EGLE announces members of Corrosion Control Advisory Panel to advise agency on lead reduction strategies
November 22, 2021
EGLE Media Office, EGLE-Assist@Michigan.gov, 517-284-9278
The initial meeting of a panel of drinking water experts to advise the Michigan Department of Environment, Great Lakes, and Energy on strategies to reduce lead in Michigan drinking water will take place Nov. 23 at 1 p.m.
Seven drinking water professionals have agreed to serve on the Corrosion Control Advisory Panel created by the Michigan Department of Environment, Great Lakes, and Energy (EGLE) to advise the agency on strategies to reduce lead in drinking water.
The panel members include:
- Elin Betanzo, PE, president and founder, Safe Water Engineering, LLC
- David Cornwell, CEO, Cornwell Engineering Group, Inc.
- Darren Lytle, environmental engineer, U.S. Environmental Protection Agency (EPA) Drinking Water Management Branch CESER Water Infrastructure Division
- Susan Masten, professor, Department of Civil and Environmental Engineering, Michigan State University
- Desmond Murray, associate professor of chemistry, Andrews University
- Terese Olson, associate professor of Civil and Environmental Engineering, University of Michigan
- Andrea Porter, environmental engineer, Ground Water & Drinking Water Branch, EPA, Region V
The announcement comes as the state accelerates efforts to reduce lead exposures caused by aging water distribution infrastructure in several communities throughout the state, with the goal of removing lead contamination from Michigan drinking water statewide.
The seven-member panel will bolster EGLE's ongoing effort to advise drinking water systems with aging lead service lines on effective corrosion control strategies. The panel will report to EGLE's Drinking Water and Environmental Health Division (DWEHD), which regulates 2,685 public drinking water systems under the state's Lead and Copper Rule (LCR).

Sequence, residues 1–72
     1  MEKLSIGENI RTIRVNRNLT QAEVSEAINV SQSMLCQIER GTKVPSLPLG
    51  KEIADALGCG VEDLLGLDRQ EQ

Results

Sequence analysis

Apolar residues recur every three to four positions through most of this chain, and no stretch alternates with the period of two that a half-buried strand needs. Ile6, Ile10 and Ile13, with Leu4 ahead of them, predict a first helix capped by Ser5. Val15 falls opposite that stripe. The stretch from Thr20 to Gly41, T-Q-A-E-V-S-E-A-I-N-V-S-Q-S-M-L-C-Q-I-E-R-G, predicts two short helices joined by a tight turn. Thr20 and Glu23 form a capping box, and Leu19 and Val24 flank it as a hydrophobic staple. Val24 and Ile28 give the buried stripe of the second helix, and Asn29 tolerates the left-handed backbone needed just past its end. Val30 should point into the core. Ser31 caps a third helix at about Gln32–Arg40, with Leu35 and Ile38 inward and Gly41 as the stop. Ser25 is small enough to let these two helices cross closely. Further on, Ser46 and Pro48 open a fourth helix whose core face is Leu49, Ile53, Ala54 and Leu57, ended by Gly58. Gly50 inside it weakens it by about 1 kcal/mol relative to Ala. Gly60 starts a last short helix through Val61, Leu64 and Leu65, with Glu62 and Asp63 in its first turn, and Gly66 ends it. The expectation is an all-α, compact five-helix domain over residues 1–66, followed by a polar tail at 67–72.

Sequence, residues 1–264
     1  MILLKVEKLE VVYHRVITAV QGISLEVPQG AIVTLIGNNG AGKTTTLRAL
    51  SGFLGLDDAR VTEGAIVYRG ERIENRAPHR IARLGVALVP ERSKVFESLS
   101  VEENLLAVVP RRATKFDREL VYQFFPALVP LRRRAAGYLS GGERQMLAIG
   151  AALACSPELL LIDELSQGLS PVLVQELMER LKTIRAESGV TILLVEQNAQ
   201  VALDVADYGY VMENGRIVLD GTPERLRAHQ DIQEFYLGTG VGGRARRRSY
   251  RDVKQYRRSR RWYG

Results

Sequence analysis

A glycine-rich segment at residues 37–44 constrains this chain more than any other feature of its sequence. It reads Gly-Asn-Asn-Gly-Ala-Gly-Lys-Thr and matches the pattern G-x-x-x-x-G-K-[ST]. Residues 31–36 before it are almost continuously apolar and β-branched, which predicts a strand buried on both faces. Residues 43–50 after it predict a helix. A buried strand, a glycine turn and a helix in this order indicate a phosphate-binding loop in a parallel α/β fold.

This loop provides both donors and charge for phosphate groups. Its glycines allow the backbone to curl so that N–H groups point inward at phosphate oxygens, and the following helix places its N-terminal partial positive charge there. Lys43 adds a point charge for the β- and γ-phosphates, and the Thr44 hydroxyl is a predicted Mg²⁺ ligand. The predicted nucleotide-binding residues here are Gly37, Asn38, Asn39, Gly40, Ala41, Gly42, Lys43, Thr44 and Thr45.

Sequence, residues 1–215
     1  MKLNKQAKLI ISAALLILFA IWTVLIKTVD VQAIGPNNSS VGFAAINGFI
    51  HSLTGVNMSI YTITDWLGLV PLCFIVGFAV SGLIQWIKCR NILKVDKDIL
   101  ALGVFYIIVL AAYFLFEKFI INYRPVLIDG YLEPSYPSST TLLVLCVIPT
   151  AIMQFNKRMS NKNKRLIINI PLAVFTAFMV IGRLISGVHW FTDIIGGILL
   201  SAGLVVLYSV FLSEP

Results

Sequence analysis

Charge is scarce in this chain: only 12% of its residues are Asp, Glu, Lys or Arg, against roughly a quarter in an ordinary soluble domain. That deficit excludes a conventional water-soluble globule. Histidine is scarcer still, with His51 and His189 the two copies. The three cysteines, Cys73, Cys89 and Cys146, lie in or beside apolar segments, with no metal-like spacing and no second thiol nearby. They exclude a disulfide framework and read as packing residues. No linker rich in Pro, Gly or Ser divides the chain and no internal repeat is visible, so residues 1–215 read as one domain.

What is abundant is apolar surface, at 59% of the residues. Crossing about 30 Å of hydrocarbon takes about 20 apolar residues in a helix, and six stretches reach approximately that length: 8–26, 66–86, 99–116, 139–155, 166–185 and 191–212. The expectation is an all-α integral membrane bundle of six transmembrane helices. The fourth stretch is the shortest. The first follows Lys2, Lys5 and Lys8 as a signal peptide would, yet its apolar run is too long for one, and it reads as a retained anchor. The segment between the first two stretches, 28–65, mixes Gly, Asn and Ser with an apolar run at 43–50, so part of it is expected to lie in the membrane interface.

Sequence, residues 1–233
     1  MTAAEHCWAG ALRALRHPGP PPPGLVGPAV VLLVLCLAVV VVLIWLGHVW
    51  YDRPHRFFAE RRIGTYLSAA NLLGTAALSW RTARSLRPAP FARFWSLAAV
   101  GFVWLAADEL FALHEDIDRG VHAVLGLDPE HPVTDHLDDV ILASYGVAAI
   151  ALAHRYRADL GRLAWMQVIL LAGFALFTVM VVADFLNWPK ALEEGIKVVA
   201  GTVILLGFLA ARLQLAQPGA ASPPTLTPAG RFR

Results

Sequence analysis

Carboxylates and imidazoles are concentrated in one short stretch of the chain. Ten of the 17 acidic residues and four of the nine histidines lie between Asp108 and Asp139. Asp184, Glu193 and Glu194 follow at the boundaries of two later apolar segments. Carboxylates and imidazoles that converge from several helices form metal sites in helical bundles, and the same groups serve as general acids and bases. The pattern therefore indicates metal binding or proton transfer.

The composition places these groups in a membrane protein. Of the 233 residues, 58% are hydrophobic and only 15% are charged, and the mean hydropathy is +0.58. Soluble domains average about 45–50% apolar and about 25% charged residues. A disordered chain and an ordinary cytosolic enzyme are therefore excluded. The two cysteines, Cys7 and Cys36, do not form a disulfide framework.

Lead in old service lines and home plumbing can enter drinking water through various mechanisms related to the corrosivity of the water. The Lead and Copper Rule may require systems to provide corrosion control when they exceed the federal lead or copper action level. Phosphate is typically added, which coats the old plumbing materials and prevents water from contacting the metals. This corrosion control is intended to limit leaching of metals into drinking water to protect Michiganders while a statewide effort is underway to eliminate all lead service lines.
Among potential roles of the panel:
- Provide advice on strategies to ensure compliance with LCR corrosion protection requirements at drinking water systems where corrosion protection is triggered, is not effective or needs to be optimized
- Provide input into the selection and optimization of corrosion protection methods
- Advise on interim actions that would be most effective to ensure public protection while corrosion protection is implemented
- Recommend and assess corrosion control studies and evaluate corrosion protection effectiveness
- Identify metrics used to assess corrosion control effectiveness
The public is invited to watch/listen to the initial meeting of the panel with the information below:
Microsoft Teams meeting
Or call in (audio only)
Phone Conference ID: 621 576 359#
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